Arriving in the dead of night at Marrakech Airport probably isn’t the best way to get started. Strange places always feel more dangerous in the dark, don’t they? Getting to the hotel, sat in the back of a completely knackered Fiat 126 taxi, driven by an Arabic-only shouty driver - driving down the middle of the road - was not a pleasant experience. Especially when he didn’t know where the hotel was. Inching down the loneliest unlit roads in the quietest quarter of town, I was convinced I was to be murdered before my adventure had even begun. One hand on the door handle at all times I was ready to run for it as fast as my Alpinestars would allow. I raised Brad, the guy hiring me the XR, on the dying energies of my mobile and by miracle - and in perfect Berber Arabic - he was able to direct shouty driver to the right place.
Brad met me later and introduced me to the local souk, an open market that never seems to close and ensured, in great tradition, that I was molested by one of those bloody monkeys the locals habitually throw at tourists in return for some dirhams (the local currency). Naturally the monkey gave me a damn good scratching. Then peed on the cuts as if to cauterise the wounds. The night was made complete by a great game of hide and seek with a super-sized cockroach in the hotel room.
The following morning I met Brad and he introduced me to the XR650. It was a time-served guide-bike from his tour company - not something, he assured me, he’d rent to his usual clients (he doesn’t, they get new CRF450Xs and the like). The XR had seen the rounds. Devoid of all instruments and with knobblies well past their best, it came as no surprise to me that it wouldn’t start. Before long Brad was down to vest and pants, sweating profusely. I was in the process of eyeing up a newish TT-R250, not as a replacement so much as an upgrade, when the XR suddenly burst into life - announcing the fact, among its other ails, that it was minus a baffle.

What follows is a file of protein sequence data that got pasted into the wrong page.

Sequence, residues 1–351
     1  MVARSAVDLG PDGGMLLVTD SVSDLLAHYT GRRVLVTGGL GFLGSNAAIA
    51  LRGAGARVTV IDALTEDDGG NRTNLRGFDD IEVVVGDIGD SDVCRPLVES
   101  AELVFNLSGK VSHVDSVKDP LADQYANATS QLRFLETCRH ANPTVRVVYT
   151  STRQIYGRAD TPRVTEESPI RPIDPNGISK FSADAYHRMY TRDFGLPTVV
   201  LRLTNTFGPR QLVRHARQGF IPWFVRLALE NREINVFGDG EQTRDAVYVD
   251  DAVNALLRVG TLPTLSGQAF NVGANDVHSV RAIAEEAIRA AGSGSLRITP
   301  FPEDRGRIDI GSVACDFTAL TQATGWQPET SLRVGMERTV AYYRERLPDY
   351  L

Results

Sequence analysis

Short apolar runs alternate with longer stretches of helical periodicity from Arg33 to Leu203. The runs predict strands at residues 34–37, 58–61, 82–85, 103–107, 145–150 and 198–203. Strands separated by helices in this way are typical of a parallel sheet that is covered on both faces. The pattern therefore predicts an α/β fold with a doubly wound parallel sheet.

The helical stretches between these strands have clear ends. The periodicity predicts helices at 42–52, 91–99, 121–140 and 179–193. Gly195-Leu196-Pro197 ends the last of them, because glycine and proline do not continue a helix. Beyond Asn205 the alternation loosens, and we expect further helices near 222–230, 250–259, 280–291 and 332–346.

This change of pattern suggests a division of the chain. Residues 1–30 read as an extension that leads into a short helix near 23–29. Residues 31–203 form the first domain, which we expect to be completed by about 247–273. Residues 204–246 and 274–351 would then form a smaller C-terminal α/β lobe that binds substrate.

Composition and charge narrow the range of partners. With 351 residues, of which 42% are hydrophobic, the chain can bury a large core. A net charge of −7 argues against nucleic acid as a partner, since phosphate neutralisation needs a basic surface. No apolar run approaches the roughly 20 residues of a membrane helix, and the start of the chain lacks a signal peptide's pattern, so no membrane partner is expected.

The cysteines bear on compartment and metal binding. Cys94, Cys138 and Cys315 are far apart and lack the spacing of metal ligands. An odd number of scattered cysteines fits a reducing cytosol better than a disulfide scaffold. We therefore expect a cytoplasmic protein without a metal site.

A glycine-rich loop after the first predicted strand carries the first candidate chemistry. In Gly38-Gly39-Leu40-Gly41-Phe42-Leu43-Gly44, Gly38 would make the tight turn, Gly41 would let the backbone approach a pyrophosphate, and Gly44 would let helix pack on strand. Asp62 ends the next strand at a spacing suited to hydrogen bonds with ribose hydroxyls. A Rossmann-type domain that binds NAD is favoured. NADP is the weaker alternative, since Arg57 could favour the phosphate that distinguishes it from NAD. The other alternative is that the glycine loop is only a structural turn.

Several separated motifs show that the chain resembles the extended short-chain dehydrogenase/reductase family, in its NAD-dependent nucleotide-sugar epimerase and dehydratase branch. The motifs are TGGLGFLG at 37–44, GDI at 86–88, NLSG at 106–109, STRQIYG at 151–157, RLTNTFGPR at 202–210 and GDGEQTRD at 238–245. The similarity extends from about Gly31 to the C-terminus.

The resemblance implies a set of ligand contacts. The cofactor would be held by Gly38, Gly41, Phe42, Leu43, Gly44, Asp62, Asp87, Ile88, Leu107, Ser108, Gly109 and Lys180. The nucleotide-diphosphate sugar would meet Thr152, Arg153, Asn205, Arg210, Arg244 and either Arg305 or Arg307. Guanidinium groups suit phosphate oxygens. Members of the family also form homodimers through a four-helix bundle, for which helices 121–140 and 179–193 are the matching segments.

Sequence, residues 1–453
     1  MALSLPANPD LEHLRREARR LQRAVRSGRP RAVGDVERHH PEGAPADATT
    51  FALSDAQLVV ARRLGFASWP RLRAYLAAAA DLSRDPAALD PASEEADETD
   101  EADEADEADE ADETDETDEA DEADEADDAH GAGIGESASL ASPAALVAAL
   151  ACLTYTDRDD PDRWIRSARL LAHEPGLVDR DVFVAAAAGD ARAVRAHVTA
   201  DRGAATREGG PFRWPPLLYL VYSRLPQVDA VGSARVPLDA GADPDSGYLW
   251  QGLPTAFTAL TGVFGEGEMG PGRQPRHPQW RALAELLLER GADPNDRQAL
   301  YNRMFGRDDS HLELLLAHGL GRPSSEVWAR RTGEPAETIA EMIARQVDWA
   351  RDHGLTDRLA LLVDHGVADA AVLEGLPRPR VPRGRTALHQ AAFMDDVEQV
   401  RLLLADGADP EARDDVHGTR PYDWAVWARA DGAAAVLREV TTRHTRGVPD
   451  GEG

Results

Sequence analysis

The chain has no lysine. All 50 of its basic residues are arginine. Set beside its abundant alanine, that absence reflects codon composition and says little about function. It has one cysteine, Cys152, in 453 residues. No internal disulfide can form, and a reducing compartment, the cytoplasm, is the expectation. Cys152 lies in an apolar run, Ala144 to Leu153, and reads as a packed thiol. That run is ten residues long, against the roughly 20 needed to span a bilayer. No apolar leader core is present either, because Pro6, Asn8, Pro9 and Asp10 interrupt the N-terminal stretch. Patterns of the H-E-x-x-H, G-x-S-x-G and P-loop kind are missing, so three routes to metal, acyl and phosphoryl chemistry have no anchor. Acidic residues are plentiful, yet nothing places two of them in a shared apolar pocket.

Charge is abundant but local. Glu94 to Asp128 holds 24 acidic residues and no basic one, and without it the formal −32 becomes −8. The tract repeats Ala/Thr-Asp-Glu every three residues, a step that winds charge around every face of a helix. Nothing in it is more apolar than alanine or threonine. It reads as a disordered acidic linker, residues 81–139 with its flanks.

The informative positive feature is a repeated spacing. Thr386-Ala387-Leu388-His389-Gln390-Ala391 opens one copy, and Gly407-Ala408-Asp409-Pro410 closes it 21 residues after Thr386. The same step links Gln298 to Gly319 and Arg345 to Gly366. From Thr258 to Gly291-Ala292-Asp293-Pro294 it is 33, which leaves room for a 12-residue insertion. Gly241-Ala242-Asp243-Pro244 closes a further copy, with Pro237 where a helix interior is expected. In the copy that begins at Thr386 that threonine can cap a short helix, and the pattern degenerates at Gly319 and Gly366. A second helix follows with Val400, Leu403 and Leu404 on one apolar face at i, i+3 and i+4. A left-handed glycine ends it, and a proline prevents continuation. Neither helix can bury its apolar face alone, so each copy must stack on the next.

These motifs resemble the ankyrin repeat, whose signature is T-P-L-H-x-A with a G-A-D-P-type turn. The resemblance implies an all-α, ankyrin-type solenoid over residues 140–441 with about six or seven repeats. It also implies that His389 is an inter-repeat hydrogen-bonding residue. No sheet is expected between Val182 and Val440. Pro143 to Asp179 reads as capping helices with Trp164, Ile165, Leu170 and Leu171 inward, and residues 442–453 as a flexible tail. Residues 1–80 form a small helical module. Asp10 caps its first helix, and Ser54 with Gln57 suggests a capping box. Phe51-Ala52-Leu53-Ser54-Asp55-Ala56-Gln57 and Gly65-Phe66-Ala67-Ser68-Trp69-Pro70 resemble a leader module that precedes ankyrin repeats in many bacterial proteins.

‘It’s a useful safety aid,’ hollered Brad over the din, ‘Tells any locals to clear a path.’
Of course the Lord loves an optimist, so it wasn’t long before I was saddled up (spare tube and assorted tools in a bag slung over the rear ’guard) and following Brad to the outskirts of town, where he was to let me loose. With the 25-litre Baja tank brimmed, it was kind of all systems go, but before I left… where to find some grub? Ah, problemo. Seems the locals were fasting for Ramadan so no shops were open. Eventually we found a wholesale supermarket where after much negotiation I signed up as retailer and promptly stocked up my new ‘shop’ with six bananas and three litres of water.
Leaving Brad behind was like cutting ties to mother for the first time. A trifle nerve wracking. I’d conned him out of his last Michelin map, on which we’d marked a probable route with a highlighter and I had this wee telephone-sized GPS on the crossbar that I could barely operate.